SimCity – Not A Verdict

SimCity – Not A Verdict

The words you are about to read might read like one of our Verdicts, but it isn’t. I don’t think I would be comfortable granting SimCity my Verdict just yet, and I might not ever grant it one. Thanks in part to EA and Maxis’ decision to make it an always-online game it has been one of the most controversial releases in recent years. Server issues, high price and in-game bugs have all contrived to damage the reputation of the franchise.

I pre-ordered the game through Green Man Gaming – thanks to a good deal I was able to get it for £36, still steep for a PC game in the world of Steam sales and Green Man Gaming. Despite all the problems, EA’s own Origin service is still charging £44.99 for it. For EA to still be offering the game at that price is something of a joke, and for a PC game to cost that much when you can pick up something like BioShock Infinite for less than £30 leaves me shaking my head.

After the disastrous first week or so of launch with connection issues being widespread, those who had tried to play the game during the worst of the issues were offered a free game from a small selection of EA’s back catalogue. Strangely, Sim City 4 was amongst that crowd – make of that what you will. It just shows how much of a disaster the launch was that such measures were employed to try and rescue some good will from a riotous public. Fortunately I didn’t have any major connection problems, I guess I was lucky enough to play at quiet times.

Solar and wind power with a coal power station and iron ore mine. Love it.
Solar and wind power with a coal power station and iron ore mine. Love it.

Yet the problems didn’t stop when the servers were brought up to scratch. People found out that the game could be played offline, and many others picked holes in the traffic system with a fix only being released last week when in reality it should have been picked up much earlier. Perhaps if there had been a proper Beta test period rather than two very short Beta weekends things might have turned out different at launch. If EA and Maxis really were committed to pushing SimCity into the always-online scene, then maybe they should have taken a leaf out of the book of any major MMO and held a lengthy Beta period where server issues and the numerous bugs could be resolved and squashed.

My grand city.
My grand city.

While discussing the launch with Nick I was reminded of APB. Beta testers were largely ignored during testing of that game which was clearly not ready for launch when it was released in 2010. While SimCity might not be at that level of disappointment, there are echoes of letting players down.

If they decide to keep the game always online and take this route with other titles in the future, I sincerely hope that lessons are learnt. Why they have persevered with the online requirements I don’t know, I have played in my own private region and entirely fail to see why there wasn’t an option to allow people to play like that offline. As Nick mentioned earlier this week, there is a petition going around to remove the online requirements. Though with the game selling over one million copies in the first two weeks, I can’t see EA pulling the online plug any time soon.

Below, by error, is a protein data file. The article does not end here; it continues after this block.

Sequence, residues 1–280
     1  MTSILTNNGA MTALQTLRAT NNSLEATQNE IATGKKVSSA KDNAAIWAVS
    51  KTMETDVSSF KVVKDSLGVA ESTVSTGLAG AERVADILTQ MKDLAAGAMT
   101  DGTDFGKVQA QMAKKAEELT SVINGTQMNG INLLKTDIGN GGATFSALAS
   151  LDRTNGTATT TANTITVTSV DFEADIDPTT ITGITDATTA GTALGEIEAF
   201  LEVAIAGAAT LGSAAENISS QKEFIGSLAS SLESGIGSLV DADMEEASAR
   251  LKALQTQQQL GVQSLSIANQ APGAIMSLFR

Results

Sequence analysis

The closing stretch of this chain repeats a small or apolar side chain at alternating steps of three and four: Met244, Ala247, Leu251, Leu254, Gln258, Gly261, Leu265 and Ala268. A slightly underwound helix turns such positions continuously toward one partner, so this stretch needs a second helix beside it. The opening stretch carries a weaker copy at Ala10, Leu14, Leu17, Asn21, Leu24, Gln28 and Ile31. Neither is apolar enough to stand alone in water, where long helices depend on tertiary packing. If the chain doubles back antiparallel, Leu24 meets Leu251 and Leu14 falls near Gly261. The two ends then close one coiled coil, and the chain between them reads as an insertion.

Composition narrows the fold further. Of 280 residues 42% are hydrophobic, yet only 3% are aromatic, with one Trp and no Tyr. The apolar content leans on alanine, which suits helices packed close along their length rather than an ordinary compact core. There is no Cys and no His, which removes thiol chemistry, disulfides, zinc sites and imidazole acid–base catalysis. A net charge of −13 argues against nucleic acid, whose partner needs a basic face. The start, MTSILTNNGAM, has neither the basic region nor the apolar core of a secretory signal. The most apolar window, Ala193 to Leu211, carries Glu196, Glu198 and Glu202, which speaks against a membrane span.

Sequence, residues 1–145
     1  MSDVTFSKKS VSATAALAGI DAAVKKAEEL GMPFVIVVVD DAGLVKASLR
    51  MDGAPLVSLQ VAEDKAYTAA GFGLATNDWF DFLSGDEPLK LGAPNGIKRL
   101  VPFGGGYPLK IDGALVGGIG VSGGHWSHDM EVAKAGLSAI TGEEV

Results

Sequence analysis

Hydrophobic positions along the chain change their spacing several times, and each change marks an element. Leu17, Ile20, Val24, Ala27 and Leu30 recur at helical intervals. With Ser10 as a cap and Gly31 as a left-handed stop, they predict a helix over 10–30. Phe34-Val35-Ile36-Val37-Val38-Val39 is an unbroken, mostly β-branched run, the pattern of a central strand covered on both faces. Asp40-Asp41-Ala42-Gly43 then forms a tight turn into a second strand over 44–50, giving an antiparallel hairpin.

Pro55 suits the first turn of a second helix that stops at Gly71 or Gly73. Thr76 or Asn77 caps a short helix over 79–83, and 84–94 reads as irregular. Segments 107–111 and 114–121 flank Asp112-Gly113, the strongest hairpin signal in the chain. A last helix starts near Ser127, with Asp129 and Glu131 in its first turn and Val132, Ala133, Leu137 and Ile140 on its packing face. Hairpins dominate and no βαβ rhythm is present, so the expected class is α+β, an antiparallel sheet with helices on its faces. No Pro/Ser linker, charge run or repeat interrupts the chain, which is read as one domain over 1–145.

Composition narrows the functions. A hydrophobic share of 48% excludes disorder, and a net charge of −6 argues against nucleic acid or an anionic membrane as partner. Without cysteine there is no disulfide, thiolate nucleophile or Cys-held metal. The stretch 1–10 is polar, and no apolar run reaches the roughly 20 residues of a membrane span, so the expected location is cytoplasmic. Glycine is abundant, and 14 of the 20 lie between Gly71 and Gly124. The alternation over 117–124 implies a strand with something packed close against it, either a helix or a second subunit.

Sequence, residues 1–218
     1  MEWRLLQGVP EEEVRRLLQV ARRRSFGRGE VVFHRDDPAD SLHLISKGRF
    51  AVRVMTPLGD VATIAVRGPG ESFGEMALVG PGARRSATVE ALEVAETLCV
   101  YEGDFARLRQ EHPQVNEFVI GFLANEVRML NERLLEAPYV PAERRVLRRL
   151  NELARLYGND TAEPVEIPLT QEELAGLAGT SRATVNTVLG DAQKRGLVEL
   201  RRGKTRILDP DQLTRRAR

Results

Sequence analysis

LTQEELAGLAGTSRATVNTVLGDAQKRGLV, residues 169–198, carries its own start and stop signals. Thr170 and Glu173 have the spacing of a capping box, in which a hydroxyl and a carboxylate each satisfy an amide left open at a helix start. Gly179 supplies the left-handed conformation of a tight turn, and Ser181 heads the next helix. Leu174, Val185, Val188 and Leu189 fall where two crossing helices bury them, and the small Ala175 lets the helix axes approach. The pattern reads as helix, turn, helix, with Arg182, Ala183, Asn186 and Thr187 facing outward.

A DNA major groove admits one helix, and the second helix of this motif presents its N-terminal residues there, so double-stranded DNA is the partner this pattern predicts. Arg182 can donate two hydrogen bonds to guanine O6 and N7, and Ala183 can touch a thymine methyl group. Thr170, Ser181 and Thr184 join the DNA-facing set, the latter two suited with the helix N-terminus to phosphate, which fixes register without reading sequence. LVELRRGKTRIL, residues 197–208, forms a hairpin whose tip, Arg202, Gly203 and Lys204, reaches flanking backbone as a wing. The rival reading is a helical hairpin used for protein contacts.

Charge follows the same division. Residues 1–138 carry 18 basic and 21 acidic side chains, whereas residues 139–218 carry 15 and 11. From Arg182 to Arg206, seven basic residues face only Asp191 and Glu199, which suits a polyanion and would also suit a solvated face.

My girlfriends lovely little city.
My girlfriends lovely little city.

On the bright side though, I have been thoroughly enjoying my time with the game, and so has my girlfriend. She isn’t much of a gamer, let alone the kind of person who would sit at a PC playing games all day, but after watching me play for five minutes she was dying to have a go. I loaded her into a new, blank city and let her get on with playing the game only needing to help her out once or twice at the beginning. She loved it and had created a city which far eclipsed my own in only a couple of hours. If a game can make something like that happen, then it is certainly doing something right.

I’ve been having great fun changing my city recently. It is going from a friendly little place with wind farms and public transport everywhere to balance out the evils of my industrial zones, to a city thriving on coal and iron ore exports. I love watching various buildings suddenly sprout construction teams and undergo a transformation from a tiny structure to a humongous monster of a thing. There is a satisfying plop when planting buildings, and to see smiley faces appear over residential areas when I plop down my mayor’s mansion is heart-warming. Only to then see their faces turn angry when I slam a horrible polluting coal power plant on the other side of the road.

Sharing resources with other cities in your region is certainly a novel idea. I am sure that many people out there are having great fun making colossal joint-projects with their regional buddies, but it isn’t for me at the end of the day. I would rather have an area the size of a small region for my whole city, not the pathetic patch of land you have to build within. The small area you have to work in certainly makes you stop and think more about your city structure, but I want my freedom. When you find a city with a large expanse of water and maybe a large mountain, space becomes a very valuable commodity.

The main hub of my residential area. Watch out for fires!
The main hub of my residential area. Watch out for fires!

I find my opinions torn with this game, I’ve been having a lot of fun with it, but there are so many issues which have marred my impressions of it. In truth I worry for its future with the online requirements and have a paralysing fear that it is going to turn into some sort of micro-transaction based game. If the bugs can be ironed out and maybe see city sizes expanded, it will really become something special. For now, it is in limbo.

Who knows, I might come back again in a few months and decide to delivery my Verdict, but for now, I really really can’t.

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